The impact of run differential in October

Blue Jays led league (+221), but what does that mean in the postseason?

The impact of run differential in October

In the 1960 World Series, the Yankees outscored the Pirates by a whopping 28 runs over the course of the seven games. As baseball fans know, however, it was Pittsburgh that took home the trophy on Bill Mazeroski's famous walk-off homer at Forbes Field.

Run differential has become a chic stat.

"I think in the last five years ago it's really picked up. People are talking about it. Managers are talking about it. And I think that comes from the fact that baseball people themselves are looking at different ways to measure their team, or other team's, success," Bill Arnold of the Sports Features Group, who created Beyond the Box Score, told MLB.com last season.

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There is a debate over its value as a predictor, however. Some believe that a team with a big edge in scoring but a poor record will soon turn the corner. Or that the breaks will eventually even out for a team that is winning a lot of close games.

Others simply point to the 2012 Orioles. Baltimore scored just seven more runs than it allowed that season. Its Pythagorean record, according to an equation developed by sabermetrics godfather Bill James and based on run differential, should have been 82-80. Instead the O's won 93 games. The reason: They were a remarkable 29-9 in games decided by one run.

So, with the playoffs about to begin, let's take a look at the correlation between run differential and postseason success.

If outscoring opponents by a wide margin was the only criterion for winning the World Series, the Blue Jays could have their parade right now. Toronto is +221 for the season, and nobody else is even close.

Here's how this year's playoff teams ranked:

  • Blue Jays, +221
  • Cardinals, +122
  • Astros, +111
  • Pirates, +101
  • Royals, + 83
  • Cubs, + 81
  • Dodgers, + 72
  • Mets, + 70
  • Yankees, + 66
  • Rangers, + 18

In the last five years, though, only one team that has led the Major Leagues in run differential has even made it to the World Series. That would be the 2013 Red Sox.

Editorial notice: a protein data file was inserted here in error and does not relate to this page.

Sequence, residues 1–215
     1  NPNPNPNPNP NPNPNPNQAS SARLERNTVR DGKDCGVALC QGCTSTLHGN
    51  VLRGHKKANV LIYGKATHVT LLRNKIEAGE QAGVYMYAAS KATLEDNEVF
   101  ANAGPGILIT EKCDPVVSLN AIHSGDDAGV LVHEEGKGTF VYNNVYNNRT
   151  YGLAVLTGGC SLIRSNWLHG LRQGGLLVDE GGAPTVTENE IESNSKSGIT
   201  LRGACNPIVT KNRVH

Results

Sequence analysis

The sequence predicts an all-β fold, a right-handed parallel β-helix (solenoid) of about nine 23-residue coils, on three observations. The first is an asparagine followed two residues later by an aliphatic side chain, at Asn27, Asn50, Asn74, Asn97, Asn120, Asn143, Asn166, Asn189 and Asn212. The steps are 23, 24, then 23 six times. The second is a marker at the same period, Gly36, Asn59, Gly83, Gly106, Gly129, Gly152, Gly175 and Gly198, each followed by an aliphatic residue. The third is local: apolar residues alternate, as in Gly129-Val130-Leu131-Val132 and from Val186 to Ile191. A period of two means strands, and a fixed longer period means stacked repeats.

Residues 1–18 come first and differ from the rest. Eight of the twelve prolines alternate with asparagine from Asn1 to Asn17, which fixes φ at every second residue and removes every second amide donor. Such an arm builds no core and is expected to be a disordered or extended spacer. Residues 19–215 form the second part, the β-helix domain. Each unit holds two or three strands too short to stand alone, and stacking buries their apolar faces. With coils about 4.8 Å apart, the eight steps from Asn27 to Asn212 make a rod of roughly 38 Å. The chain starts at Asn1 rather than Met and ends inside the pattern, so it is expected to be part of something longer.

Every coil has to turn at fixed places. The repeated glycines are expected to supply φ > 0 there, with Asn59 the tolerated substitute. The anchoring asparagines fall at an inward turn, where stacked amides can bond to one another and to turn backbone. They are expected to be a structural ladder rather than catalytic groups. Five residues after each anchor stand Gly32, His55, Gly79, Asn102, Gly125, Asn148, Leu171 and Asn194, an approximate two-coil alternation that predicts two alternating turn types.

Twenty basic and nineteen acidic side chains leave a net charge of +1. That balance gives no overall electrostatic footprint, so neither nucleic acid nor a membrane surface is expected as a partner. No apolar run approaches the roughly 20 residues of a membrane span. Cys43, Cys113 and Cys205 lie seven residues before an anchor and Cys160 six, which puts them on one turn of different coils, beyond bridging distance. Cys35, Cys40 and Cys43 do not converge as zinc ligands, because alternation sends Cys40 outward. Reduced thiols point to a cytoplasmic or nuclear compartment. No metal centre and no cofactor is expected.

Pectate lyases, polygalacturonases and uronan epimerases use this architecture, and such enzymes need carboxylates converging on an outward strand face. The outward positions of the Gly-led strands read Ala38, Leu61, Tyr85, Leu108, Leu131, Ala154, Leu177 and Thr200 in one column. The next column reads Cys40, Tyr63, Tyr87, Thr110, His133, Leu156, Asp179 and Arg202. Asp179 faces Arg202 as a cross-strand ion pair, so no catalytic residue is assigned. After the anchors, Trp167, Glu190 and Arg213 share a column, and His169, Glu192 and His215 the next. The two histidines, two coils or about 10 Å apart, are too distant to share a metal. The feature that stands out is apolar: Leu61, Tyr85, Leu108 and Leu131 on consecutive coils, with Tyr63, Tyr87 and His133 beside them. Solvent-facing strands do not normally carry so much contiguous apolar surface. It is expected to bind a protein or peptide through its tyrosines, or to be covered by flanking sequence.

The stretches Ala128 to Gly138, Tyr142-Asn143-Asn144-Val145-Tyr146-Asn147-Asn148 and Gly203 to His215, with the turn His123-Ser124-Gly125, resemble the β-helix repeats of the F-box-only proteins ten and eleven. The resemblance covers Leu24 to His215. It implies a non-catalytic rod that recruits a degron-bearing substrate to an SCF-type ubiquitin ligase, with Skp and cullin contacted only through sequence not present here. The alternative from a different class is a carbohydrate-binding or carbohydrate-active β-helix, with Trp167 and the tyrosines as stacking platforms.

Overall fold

One of the others was knocked out in the Wild Card Game (2014 Athletics), two lost in the Division Series ('12 Nationals, '11 Yankees) and one advanced to the League Championship Series before falling ('10 Yankees).

Conversely, the 2014 Royals had only a +27 in the regular season and took the World Series all the way to the ninth inning of the seventh game. While winning world championships in '12 and '14, the Giants finished eighth among the 10 postseason teams in that category.

However, in the eight years prior to that, four of the teams that led in that category went to the World Series, and three of them won it all.

Here's a look at the last three postseasons, since MLB added a second Wild Card in each league:

2014

  • Athletics, +157 -- Wild Card
  • Angels, +143 -- Division Series
  • Nationals, +131 -- Division Series
  • Orioles, +112 -- League Championship Series
  • Dodgers, +101 -- Division Series
  • Tigers, + 52 -- Division Series
  • Pirates, + 51 -- Wild Card
  • Giants, + 51 -- WON WORLD SERIES
  • Royals, + 27 -- World Series
  • Cardinals, + 16 -- League Championship Series

2013

  • Red Sox, +197 -- WON WORLD SERIES
  • Cardinals, +187 -- World Series
  • Tigers, +172 -- League Championship Series
  • Athletics, +142-- Division Series
  • Braves, +140-- Division Series
  • Reds, +109 -- Wild Card
  • Indians, + 83 -- Wild Card
  • Dodgers, + 67 -- League Championship Series
  • Pirates, + 57 -- Division Series
  • Rays, + 54 -- Division Series

2012

Nationals, +137 -- Division Series
Yankees, +136 -- League Championship Series
Cardinals, +117 -- League Championship Series
Rangers, +101 -- Wild Card
Braves, +100 -- Wild Card
Athletics, + 99 -- Division Series
Reds, + 81 -- Division Series
Giants, + 69 -- WON WORLD SERIES
Tigers, + 56 -- World Series
Orioles, + 7 -- Division Series

And here's how the run differential leader fared in the decade prior to that:

  • 2011 Yankees, +210 -- Division Series
  • 2010 Yankees, +166 -- League Championship Series
  • 2009 Yankees, +190 -- WON WORLD SERIES
  • 2008 Cubs, +170 -- Division Series
  • 2007 Red Sox, +206 -- WON WORLD SERIES
  • 2006 Yankees, +163 -- Division Series
  • 2005 Cardinals, +171 -- League Championship Series
  • 2004 Cardinals, +196 -- World Series
  • 2003 Braves, +167 -- Division Series
  • 2002 Angels, +207 -- WON WORLD SERIES

There is a one recent trend that will be good news for Blue Jays fans, though, if Toronto advances to the World Series. In seven of the last eight years, the Fall Classic has been won by the team with the better regular-season run differential.

Just like in 1960 when the Pirates (+141) beat the Yankees (+119).

Paul Hagen is a reporter for MLB.com. This story was not subject to the approval of Major League Baseball or its clubs.